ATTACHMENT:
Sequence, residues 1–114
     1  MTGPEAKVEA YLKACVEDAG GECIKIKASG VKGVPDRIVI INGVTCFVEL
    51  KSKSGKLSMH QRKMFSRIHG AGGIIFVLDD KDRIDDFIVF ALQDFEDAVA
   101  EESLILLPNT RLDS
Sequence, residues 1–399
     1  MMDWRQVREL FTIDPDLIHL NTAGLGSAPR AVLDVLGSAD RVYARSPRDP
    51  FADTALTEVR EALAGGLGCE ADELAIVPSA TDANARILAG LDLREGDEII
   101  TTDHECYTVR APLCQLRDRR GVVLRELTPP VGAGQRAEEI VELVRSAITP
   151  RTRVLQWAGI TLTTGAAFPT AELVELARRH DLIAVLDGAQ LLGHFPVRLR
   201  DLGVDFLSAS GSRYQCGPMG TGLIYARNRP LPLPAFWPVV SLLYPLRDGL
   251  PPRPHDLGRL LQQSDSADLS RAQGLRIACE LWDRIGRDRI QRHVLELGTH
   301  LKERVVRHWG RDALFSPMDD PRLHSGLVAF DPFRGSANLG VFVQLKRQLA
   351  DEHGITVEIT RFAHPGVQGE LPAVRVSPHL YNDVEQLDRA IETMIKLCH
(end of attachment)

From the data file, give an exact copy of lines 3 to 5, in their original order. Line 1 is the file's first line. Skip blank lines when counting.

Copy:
    51  KSKSGKLSMH QRKMFSRIHG AGGIIFVLDD KDRIDDFIVF ALQDFEDAVA
   101  EESLILLPNT RLDS
Sequence, residues 1–399